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George Conniff

Real Name: George Edwin Conniff Sr.
Nicknames: No Known Nicknames
Location: Newport, Washington
Date: September 14, 1935

Case[]

Details: During the Great Depression, dairy products such as milk and butter were extremely scarce. Creameries were often the targets of crime rings. As a result, police officers tried to patrol these creameries as often as possible. On the night of September 14, 1935, Newport Marshal George Conniff was checking out his regular beat, which included a local dairy. As he patrolled the yard of the dairy, he heard footsteps and a suspicious noise. He interrupted a milk robbery in progress and ordered the robbers not to move. One of the robbers fired on George, mortally wounding him.
He was rushed to the hospital and briefly regained consciousness but was unable to give any information on the people that shot him. Ten hours later, he died from his injuries. George's friend Sheriff Elmer Black began the investigation into the murder. He was determined to find the killer. However, despite Elmer's best efforts, the killer was never caught and the case remains unsolved.
In 1985, sheriff Tony Bamonte re-opened the investigation into George's murder. He learned about former Spokane detective Charles Sonnebend, who claimed to know the identity of George's killers. Sonnebend had given this information to the Seattle prosecutor in 1955. Sonnabend said that in 1935, he had arrested a suspect named Acie Logan for auto theft. At the time, he was driving a stolen car. Along with auto theft, Logan was also suspected of committing George's murder and several milk robberies. After an intense interrogation, Logan eventually named Clyde Ralstin, another detective, as being involved in the murder.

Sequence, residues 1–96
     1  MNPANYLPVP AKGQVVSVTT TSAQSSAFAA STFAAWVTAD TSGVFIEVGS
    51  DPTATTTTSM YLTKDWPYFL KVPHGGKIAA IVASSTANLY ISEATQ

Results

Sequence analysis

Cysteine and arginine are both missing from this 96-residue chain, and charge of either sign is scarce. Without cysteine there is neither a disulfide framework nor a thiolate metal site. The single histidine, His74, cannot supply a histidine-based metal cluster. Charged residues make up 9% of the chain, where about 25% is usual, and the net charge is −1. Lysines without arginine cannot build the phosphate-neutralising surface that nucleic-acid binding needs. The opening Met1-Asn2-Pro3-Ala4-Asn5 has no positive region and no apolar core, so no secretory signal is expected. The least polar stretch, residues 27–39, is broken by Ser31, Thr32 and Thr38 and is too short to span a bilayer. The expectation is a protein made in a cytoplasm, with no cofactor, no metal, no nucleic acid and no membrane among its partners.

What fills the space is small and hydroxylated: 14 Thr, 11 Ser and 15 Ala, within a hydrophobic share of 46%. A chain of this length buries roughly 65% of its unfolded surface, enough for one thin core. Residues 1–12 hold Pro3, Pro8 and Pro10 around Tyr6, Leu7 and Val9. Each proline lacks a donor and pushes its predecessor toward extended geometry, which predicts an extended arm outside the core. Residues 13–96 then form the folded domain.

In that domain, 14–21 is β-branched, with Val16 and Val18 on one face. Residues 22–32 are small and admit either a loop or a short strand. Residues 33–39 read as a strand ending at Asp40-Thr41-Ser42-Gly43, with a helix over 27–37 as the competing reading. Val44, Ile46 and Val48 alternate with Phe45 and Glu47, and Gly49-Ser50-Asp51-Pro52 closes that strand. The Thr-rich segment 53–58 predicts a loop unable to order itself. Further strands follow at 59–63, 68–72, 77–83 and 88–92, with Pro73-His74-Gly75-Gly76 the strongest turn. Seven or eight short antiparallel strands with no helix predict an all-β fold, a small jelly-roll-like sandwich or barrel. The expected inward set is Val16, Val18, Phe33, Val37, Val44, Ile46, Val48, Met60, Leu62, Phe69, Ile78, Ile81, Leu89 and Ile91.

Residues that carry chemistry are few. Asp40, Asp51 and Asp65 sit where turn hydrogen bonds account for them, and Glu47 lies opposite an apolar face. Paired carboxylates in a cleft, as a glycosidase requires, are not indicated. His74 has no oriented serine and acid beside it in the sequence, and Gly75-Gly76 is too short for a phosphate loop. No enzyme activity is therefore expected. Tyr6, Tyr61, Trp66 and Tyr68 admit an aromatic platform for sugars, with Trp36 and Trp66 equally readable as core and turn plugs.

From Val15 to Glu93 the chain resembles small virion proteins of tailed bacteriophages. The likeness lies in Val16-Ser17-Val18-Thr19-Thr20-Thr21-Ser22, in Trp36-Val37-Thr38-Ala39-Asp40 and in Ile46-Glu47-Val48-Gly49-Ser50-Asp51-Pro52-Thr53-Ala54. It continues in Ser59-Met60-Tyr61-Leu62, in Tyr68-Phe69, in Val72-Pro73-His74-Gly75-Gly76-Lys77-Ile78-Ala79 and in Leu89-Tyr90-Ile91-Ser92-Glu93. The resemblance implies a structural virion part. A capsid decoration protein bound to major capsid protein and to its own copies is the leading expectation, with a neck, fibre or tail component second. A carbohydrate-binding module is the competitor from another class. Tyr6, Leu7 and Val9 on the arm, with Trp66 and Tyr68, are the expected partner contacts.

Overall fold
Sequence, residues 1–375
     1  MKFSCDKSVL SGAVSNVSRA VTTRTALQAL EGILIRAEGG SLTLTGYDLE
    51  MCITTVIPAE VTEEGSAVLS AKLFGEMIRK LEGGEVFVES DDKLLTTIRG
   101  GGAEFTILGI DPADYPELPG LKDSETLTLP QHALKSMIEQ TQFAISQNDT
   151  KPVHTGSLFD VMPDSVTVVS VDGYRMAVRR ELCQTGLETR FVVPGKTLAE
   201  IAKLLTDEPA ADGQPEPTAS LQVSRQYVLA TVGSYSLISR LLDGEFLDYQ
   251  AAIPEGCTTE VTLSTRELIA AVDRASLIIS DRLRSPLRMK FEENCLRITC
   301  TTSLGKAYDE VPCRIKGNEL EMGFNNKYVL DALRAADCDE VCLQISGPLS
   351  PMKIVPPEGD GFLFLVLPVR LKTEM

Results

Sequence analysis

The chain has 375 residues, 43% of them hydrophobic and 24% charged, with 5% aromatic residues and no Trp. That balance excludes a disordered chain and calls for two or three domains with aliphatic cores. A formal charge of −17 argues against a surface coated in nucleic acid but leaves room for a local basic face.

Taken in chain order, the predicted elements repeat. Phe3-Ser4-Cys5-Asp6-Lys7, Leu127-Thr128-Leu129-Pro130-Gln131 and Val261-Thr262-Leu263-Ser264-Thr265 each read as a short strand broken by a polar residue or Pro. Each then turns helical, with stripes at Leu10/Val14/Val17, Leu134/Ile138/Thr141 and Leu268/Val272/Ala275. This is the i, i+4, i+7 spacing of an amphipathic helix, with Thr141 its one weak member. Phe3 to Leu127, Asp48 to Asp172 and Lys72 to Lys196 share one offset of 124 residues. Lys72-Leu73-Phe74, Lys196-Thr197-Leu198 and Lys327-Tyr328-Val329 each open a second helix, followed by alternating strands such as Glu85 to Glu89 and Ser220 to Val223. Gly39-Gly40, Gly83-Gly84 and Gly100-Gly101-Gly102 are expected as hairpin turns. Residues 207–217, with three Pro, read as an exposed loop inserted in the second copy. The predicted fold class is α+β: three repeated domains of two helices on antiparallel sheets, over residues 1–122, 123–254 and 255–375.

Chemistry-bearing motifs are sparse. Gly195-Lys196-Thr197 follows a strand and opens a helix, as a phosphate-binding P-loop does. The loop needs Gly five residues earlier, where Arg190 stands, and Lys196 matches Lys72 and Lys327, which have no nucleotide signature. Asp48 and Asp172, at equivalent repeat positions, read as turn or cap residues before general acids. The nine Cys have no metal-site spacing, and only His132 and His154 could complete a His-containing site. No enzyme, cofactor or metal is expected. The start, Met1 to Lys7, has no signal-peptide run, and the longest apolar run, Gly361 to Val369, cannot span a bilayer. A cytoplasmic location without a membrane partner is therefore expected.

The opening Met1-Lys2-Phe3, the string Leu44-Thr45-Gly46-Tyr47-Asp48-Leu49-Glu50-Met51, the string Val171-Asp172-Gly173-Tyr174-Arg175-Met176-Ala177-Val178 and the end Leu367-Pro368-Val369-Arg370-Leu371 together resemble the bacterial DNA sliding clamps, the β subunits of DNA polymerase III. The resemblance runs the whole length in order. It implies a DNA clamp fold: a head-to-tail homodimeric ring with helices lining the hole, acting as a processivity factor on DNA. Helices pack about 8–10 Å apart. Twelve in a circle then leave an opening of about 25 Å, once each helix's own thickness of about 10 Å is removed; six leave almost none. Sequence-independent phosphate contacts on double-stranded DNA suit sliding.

In 1955, Sheriff Black, after hearing this story, insisted that the case be re-opened. Although he was retired, he also said that he wanted to help with the investigation. Just three months later, in June of 1955, Black died suspiciously after "falling" from the interstate bridge on the outskirts of Pend Oreille County. The case once again became cold until 1985, when Bamonte began re-investigating the case.
Bamonte's research soon became public and several witnesses came forward. Pearl Keogh met with Bamonte and said that her friend Virgil Burch was involved in George's murder, along with Logan and Ralstin. Pearl said that in 1940, Burch had confessed to the murder to her husband and said that Ralstin had covered up their crime. He claimed that the three of them had gone to the dairy to rob it. He claimed that he was at the scene when Ralstin shot George. He also told her that Ralstin was able to get past a roadblock that had been set up by Spokane officers because he was a detective there.